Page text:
Thinking

Overlooked Culture

Maybe I’m fol­low­ing the wrong peo­ple on social media, but has the word “over­looked” lost all mean­ing as it per­tains to cul­ture? It seems to me that when we’re still print­ing spoil­er alerts for ten-year-old TV shows that “over­looked” has lost all explana­to­ry pow­er. Now when I see that word in a review, I roll my eyes. Chances are the reviews are just as over­looked as the cul­ture they describe, if not more­so.

Sure, with­in your niche the new records from Vam­pire Week­end or the Nation­al may be on everyone’s lips, but it’s a safe bet that the word of mouth out­paces actu­al con­sump­tion of that par­tic­u­lar cul­tur­al arti­fact. You may per­ceive that those records have gone main­stream, but the real­i­ty is your neigh­bor has nev­er heard either band.

There’s def­i­nite­ly a bright side to this; with this shift, it appears to me at least that snob­bery los­es in the bar­gain. The on demand nature of cul­ture now enables any­one curi­ous enough to book­mark those things men­tal­ly and nar­rows the gap between the expert and the novice. More­over, we’ve done away with the cul­tur­al mono­liths that once dom­i­nat­ed the pop cul­tur­al land­scape that allow us to gath­er around real and imag­ined water cool­ers for dis­cus­sion and debate.

But how do crit­ics describe this shift as the pace of cul­tur­al cre­ation plows under what came before? Blink and you could miss the next cul­tur­al epicy­cle. Has cul­ture been mar­gin­al­ized or per­son­al­ized? Can any­thing be described as ephemer­al, or were we just always talk­ing to our­selves, the myth of mono­cul­ture just anoth­er imag­ined com­mu­ni­ty peo­pled exclu­sive­ly by elites?

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Reading

Jonathan Franzen’s Freedom

Free­dom will be remem­bered as a sto­ry that cap­tures a very strange chap­ter in Amer­i­can his­to­ry. It’s hard to put a fin­ger on it, but the mood of the last decade is some­thing Franzen nails. His char­ac­ters rep­re­sent the amoral fugue state we drift­ed off into col­lec­tive­ly after 2003. I’m not even sure his hol­lowed out char­ac­ters could real­is­ti­cal­ly course cor­rect, yet they do, and for that rea­son I was some­what dis­ap­point­ed in the nov­el.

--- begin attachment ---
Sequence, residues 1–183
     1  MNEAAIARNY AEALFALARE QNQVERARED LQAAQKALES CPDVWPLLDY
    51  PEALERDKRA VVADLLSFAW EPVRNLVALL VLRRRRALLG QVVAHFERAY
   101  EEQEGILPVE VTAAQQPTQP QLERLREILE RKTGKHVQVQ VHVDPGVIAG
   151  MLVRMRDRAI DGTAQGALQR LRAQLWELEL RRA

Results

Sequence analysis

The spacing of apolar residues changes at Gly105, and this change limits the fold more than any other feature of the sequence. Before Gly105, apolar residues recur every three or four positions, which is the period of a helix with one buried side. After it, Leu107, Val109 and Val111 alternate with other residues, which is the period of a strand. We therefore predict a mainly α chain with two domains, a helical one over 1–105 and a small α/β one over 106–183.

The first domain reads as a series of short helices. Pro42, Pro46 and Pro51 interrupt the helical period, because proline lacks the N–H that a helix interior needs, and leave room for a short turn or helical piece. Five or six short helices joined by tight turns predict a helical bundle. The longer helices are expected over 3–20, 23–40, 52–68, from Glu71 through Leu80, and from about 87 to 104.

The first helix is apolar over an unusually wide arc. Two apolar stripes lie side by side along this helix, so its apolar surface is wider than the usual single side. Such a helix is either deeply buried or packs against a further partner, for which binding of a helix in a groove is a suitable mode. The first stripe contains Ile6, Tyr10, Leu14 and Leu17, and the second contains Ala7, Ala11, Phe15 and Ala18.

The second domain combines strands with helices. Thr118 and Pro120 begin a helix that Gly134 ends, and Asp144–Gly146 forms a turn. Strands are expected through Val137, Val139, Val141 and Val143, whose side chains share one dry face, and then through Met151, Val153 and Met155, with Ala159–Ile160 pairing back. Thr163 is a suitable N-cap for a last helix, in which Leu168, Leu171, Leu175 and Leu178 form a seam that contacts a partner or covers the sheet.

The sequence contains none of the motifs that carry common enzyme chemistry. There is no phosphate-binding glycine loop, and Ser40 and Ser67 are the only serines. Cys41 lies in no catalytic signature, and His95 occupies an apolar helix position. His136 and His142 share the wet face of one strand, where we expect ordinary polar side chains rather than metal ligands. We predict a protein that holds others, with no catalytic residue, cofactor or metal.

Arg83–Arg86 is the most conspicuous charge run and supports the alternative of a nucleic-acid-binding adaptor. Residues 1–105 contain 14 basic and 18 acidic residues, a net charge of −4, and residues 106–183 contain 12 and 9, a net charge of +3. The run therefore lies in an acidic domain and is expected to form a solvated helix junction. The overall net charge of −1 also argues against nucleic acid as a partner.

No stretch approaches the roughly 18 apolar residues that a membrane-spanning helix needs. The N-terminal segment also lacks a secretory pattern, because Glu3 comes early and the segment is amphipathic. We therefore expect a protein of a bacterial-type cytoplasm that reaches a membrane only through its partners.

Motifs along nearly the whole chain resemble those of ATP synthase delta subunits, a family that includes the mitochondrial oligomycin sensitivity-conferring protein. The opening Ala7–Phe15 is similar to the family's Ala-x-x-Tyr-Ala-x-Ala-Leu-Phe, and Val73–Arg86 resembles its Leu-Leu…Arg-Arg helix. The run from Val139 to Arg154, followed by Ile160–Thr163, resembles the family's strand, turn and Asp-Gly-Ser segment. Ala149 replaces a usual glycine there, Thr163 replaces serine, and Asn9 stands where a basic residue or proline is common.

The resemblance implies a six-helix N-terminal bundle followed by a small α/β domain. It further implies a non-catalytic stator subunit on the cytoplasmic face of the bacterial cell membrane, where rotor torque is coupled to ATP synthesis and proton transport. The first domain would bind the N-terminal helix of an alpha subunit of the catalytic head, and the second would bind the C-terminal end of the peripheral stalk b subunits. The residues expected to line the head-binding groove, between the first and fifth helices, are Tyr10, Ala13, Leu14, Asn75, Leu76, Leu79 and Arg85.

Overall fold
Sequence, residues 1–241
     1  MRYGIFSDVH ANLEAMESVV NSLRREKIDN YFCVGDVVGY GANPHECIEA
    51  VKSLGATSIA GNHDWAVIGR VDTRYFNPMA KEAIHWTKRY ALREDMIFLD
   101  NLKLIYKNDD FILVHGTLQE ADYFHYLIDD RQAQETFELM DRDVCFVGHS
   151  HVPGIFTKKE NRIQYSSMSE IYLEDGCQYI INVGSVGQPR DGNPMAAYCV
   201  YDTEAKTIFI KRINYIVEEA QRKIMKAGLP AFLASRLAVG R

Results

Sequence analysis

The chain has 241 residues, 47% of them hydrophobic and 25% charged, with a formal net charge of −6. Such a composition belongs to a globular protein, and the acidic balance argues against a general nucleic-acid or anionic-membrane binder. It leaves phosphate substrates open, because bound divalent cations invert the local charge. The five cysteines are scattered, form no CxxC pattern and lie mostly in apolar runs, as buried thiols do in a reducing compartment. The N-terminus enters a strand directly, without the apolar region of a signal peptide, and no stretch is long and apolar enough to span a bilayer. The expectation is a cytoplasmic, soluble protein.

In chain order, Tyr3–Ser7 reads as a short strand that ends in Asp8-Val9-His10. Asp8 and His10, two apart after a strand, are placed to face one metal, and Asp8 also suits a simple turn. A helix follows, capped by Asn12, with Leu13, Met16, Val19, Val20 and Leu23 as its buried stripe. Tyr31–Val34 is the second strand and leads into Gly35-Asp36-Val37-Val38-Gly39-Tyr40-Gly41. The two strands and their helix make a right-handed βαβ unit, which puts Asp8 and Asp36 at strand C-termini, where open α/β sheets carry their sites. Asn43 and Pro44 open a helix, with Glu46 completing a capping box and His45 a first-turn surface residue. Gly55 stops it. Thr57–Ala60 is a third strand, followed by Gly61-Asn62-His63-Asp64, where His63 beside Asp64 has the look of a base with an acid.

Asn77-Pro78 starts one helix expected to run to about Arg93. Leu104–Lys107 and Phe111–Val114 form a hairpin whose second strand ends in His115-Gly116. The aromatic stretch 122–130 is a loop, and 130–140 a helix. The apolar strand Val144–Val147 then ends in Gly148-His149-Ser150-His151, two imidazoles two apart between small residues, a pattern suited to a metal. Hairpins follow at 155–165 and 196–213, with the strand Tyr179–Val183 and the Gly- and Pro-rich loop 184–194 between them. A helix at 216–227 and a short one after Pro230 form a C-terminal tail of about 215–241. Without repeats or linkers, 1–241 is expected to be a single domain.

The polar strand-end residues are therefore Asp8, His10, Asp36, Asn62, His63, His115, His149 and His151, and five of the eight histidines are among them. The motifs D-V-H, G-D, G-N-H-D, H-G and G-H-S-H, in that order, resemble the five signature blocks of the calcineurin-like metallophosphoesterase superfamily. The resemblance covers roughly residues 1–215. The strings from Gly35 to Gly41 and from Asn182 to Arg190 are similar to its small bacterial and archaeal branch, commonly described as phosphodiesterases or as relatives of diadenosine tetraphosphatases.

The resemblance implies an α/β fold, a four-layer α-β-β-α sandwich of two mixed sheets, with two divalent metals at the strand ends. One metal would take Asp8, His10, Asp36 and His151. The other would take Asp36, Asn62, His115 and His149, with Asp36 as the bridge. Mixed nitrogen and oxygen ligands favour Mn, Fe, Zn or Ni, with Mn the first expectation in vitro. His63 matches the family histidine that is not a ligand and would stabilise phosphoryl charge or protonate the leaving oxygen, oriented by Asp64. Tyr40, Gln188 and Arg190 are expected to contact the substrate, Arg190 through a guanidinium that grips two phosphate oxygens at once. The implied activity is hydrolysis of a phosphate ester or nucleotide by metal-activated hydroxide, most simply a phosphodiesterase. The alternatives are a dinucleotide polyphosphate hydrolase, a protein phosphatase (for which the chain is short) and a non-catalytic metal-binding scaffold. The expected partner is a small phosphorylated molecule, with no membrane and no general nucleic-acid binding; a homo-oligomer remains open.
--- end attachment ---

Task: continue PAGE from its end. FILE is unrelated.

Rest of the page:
Equal­ly ter­ri­fy­ing, alt-coun­try act Wal­nut Sur­prise rep­re­sent­ed one of the worst musi­cal move­ments of the decade. We have only our­selves to blame.

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Reading

Woebot’s 100 Lost Rock Albums From the 1970s

Matthew Ingram’s fan­tas­tic Woe­bot blog was an inspi­ra­tion to me as a crit­ic. His vora­cious appetite for and catholic taste in music pushed me to expand my palate and lis­ten to music oth­ers may have dis­missed as less­er works. In short, Woe­bot had big ears and it didn’t hurt that he could write.

I’m final­ly read­ing his ebook, 100 Lost Rock Albums from the 1970s and it’s bring­ing back lots of mem­o­ries. This is the music I fell in love with around the time Stephen Malk­mus released Pig Lib and even name checked the Ground­hogs on tour. Some of the ground Ingram cov­ers is famil­iar, but what makes the book so reward­ing are the impos­si­ble to find albums that rekin­dle my love for crate dig­ging.

If you’re look­ing for a place to begin, check out this com­pan­ion playlist on Spo­ti­fy.

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Doing

A Lesson in Accumulation

Remem­ber when you used to eval­u­ate prospec­tive friends by the books they read, the movies they watched and the music they lis­tened to? Feels like a long time ago, right?

Less than 10 years ago I would still scur­ry to book­stores and record shops, or spend beyond my means on DVD sales online. Then that sud­den­ly stopped.

Now, as I try to make sense of my home with­out being over­run by my toddler’s toys, I find myself wish­ing I’d made bet­ter use of the library. Where’d all this stuff come from? When did I ever think I’d read all the books I bought on whims, or watch all the DVDs I hoard­ed. Let’s not even talk about the music that accret­ed in my apart­ments over the years.

Since things start­ed going dig­i­tal in one form or oth­er I’ve been reluc­tant to go all in. For those of us who’ve had phys­i­cal media all our lives, a hard copy is a reas­sur­ing thing. Now I wish I’d tak­en the plunge soon­er.

This is all to say I’m purg­ing vast swaths of my cul­tur­al col­lec­tions. If you’re some­one who still likes these things, be in touch. You get dibs.